Hubble's main camera stops working
BY WILLIAM HARWOOD
STORY WRITTEN FOR CBS NEWS "SPACE PLACE" & USED WITH PERMISSION
Posted: January 29, 2007
A state-of-the-art camera aboard the Hubble Space Telescope has been knocked out of action by an electrical glitch, curtailing the flow of high-resolution imagery from the aging observatory until new instruments can be installed during a final shuttle servicing mission in 2008.
During that flight, a new camera and spectrograph will be installed, along with six new batteries and a suite of stabilizing gyroscopes that should extend Hubble's scientific life until at least 2013 and possibly longer.
But with the apparent demise of the Advanced Camera for Surveys, installed during the most recent shuttle visit in March 2002, the telescope's most spectacular visible-light images of deep space splendors will be on hold, a disappointment to astronomers around the world.
The camera was engineered to last at lest five years and "we always hope we will meet not only the design lifetime but we'll also get a bonus and that these instruments will live beyond that," Preston Burch, Hubble program manager at NASA's Goddard Space Flight Center in Greenbelt, Md., told reporters today. "So obviously we're disappointed."
Given the complexity of the five-spacewalk servicing mission planned for 2008, NASA is unlikely to add any additional repair work to the astronauts' flight plan.
"If you look at Servicing Mission 4 right now, it's very heavily subscribed," Burch said. "So something would need to come off the repair list (to address the ACS problem) and our preliminary discussions with knowledgeable scientists ... have indicated that's probably not a desirable thing to want to do.
"I wouldn't want to say it's totally impossible if we wanted to put this on a crash basis, but it would require considerable additional effort, time and money to do that. ... At first blush, this doesn't look very attractive."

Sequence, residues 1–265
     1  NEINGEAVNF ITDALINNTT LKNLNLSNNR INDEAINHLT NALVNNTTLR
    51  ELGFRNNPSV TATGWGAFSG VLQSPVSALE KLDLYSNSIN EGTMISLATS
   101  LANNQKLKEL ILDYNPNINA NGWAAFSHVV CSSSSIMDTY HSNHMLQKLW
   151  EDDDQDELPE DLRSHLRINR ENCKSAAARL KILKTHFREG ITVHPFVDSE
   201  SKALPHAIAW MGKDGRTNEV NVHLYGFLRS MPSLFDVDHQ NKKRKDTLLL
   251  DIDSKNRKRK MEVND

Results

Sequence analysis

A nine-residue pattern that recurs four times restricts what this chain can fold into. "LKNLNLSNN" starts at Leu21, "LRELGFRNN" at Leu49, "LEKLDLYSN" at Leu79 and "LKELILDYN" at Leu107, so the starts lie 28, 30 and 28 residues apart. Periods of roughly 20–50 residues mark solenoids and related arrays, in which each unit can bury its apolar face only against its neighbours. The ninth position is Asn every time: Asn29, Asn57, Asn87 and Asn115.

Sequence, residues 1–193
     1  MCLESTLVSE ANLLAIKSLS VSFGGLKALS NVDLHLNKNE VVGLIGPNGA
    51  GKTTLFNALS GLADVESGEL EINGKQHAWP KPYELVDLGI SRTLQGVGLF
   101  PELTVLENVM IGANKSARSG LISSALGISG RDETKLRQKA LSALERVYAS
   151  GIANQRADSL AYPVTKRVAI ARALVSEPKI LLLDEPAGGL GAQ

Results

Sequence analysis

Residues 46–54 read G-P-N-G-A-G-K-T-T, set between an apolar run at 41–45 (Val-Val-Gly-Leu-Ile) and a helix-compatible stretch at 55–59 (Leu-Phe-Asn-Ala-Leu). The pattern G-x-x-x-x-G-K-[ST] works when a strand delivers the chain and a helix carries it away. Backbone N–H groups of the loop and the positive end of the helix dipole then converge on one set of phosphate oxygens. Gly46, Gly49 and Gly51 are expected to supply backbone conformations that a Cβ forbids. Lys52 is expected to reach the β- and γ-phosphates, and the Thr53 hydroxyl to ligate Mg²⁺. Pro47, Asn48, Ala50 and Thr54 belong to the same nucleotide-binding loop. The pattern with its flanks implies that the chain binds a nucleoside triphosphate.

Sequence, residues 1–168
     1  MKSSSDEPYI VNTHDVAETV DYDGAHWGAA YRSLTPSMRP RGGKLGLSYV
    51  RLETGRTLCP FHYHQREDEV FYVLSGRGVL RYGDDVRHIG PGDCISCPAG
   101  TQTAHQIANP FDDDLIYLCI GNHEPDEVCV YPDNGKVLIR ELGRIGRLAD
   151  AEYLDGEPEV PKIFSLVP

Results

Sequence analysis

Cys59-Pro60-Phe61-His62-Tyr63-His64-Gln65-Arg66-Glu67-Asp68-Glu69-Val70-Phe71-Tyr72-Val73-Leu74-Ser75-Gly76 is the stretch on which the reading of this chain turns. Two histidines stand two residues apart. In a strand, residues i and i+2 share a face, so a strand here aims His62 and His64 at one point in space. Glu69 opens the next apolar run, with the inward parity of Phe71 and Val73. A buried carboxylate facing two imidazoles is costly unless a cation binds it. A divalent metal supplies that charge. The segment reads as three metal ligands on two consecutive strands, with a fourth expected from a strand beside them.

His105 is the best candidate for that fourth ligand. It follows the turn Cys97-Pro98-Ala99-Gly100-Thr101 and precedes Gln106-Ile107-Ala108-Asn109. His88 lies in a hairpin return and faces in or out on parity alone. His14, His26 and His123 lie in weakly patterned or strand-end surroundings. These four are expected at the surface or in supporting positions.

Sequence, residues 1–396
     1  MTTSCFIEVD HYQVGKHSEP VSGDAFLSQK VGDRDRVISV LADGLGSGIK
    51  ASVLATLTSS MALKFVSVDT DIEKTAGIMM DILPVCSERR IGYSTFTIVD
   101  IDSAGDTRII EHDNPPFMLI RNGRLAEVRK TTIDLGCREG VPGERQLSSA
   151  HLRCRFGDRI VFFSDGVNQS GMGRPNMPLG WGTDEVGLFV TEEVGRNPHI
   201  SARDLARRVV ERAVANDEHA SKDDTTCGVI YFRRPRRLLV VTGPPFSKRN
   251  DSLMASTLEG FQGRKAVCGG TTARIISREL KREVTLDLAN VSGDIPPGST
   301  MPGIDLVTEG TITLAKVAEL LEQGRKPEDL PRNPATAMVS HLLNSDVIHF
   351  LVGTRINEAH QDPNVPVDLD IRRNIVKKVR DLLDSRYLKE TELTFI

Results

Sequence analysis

But Burch said installation of the new Wide Field Camera 3 and the planned repair of a spectrographic instrument already aboard the space telescope will replace and extend the lost capability of the Advanced Camera for Surveys.
In the meantime, engineers are conducting a detailed technical review to make sure the electrical problems that hobbled ACS will not affect the Wide Field Camera 3 or the new Cosmic Origins Spectrograph scheduled for installation in 2008.
For redundancy, the ACS was built with dual power and data systems. On June 30, 2006, an electrical glitch knocked one electrical system, known as Side A, out of action.
The B channel failed Jan. 27, apparently because of an unrelated electrical issue. Pressure sensors detected a presumed puff of smoke when the electrical malfunction occurred and while engineers do not believe the telescope's optical system was contaminated, they do not know exactly what went wrong.
"It's sort of like 'CSI: Greenbelt,'" Burch said in a telephone interview. "We may never know."
Engineers may re-power the A side electronics to permit limited operations with one ACS sensor but this so-called "solar blind" channel is used primarily for low-resolution ultraviolet imaging. Barring a complex orbital repair job, high-resolution visible light pictures will no longer be possible with ACS.